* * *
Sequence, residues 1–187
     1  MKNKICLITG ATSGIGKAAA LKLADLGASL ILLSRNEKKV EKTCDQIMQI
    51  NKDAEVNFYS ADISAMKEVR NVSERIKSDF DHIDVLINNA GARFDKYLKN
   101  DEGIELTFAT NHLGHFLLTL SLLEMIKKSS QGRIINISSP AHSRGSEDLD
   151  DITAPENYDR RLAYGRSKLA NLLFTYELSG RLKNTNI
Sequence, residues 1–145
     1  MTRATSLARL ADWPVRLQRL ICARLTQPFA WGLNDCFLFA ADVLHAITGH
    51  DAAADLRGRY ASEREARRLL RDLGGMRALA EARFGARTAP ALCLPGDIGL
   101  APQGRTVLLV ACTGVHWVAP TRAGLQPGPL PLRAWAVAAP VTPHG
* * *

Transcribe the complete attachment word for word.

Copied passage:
Sequence, residues 1–187
     1  MKNKICLITG ATSGIGKAAA LKLADLGASL ILLSRNEKKV EKTCDQIMQI
    51  NKDAEVNFYS ADISAMKEVR NVSERIKSDF DHIDVLINNA GARFDKYLKN
   101  DEGIELTFAT NHLGHFLLTL SLLEMIKKSS QGRIINISSP AHSRGSEDLD
   151  DITAPENYDR RLAYGRSKLA NLLFTYELSG RLKNTNI
Sequence, residues 1–145
     1  MTRATSLARL ADWPVRLQRL ICARLTQPFA WGLNDCFLFA ADVLHAITGH
    51  DAAADLRGRY ASEREARRLL RDLGGMRALA EARFGARTAP ALCLPGDIGL
   101  APQGRTVLLV ACTGVHWVAP TRAGLQPGPL PLRAWAVAAP VTPHG